We weigh an average of six pounds more than in 1985. This is one of the main conclusions of what is the largest international study on body mass index (BMI) conducted to date. A team made up of more than a thousand scientists from several nations analyzed the weight and height of more than 112 million people from virtually every country in the world between 1985 and 2017.
The results of the research, published today by the journal Nature, again points to growing obesity but, in fact, contrary to what many believed, in rural areas the problem is (still) more serious than in urban areas. In cities, BMI increased by an average of 1.45 kilograms per square meter (1.3 kilograms in women and 1.6 kilograms in men) since the mid-1980s, less than in the countryside.
In rural areas, the average increase was 2.1 kilos. "We saw the opposite of what we thought was the paradigm," Majid Ezzati, an epidemiologist, told a news conference today, pointing to a new justification. "In countries with higher incomes, it is actually easier to eat healthier in cities because there are [mais] fresh food available and, at the outset, also cheaper, in addition to having more sports equipment, "says the specialist, one of the co-authors of the research.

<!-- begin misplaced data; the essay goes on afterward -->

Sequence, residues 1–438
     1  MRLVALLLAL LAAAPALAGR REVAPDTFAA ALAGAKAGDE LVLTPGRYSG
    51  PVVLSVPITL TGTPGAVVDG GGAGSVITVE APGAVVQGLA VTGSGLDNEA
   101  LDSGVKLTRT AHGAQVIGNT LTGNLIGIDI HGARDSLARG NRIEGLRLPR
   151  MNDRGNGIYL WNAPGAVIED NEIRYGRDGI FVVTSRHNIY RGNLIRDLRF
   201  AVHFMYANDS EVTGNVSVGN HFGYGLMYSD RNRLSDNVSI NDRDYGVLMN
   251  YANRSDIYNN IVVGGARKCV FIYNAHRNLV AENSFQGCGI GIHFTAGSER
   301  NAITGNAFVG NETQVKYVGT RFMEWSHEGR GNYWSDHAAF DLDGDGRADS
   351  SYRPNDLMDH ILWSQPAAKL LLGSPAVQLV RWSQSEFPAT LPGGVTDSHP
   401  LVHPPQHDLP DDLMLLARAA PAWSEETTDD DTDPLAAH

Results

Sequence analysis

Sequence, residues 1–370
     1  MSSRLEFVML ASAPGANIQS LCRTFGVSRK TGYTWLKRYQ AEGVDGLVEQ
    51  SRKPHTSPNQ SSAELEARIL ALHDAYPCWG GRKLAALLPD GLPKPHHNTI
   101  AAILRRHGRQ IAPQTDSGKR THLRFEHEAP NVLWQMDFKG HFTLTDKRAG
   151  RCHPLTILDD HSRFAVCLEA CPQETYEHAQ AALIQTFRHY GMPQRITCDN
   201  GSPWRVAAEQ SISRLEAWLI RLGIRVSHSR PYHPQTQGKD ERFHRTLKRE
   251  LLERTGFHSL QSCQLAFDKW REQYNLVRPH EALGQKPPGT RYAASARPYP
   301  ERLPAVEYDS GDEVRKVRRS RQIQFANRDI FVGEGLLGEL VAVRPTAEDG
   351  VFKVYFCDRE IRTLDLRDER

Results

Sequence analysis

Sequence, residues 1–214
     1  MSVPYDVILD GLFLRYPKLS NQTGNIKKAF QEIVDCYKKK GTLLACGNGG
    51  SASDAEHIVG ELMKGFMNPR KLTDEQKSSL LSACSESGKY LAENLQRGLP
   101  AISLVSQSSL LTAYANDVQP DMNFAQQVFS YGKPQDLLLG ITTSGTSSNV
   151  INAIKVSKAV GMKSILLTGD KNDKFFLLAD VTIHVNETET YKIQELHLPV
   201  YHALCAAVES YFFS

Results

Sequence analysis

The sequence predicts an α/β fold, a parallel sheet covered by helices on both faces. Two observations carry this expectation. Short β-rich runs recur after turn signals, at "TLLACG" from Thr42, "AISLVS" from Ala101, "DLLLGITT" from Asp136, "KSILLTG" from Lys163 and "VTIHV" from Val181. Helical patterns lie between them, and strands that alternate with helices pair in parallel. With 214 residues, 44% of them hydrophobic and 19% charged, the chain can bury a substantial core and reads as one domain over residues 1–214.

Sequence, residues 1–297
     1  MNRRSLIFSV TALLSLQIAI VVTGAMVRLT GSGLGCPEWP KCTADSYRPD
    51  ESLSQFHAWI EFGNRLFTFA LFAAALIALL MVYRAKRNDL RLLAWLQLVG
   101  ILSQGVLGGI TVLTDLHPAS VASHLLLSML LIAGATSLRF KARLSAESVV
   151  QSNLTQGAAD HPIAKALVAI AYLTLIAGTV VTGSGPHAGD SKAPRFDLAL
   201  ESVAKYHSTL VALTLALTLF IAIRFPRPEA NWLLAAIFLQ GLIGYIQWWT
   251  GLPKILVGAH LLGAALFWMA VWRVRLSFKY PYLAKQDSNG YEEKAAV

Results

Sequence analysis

More than 55% of the increase in BMI recorded comes from rural areas, the scientists said. In some middle-income countries, this percentage reaches as high as 80%. In the Iberian Peninsula, the difference between the countryside and the city "is almost ridiculous", assures, however, Napoleón Perez, co-author of the study. Portugal, Spain, Greece, France and Italy are among the countries where women have least gained weight.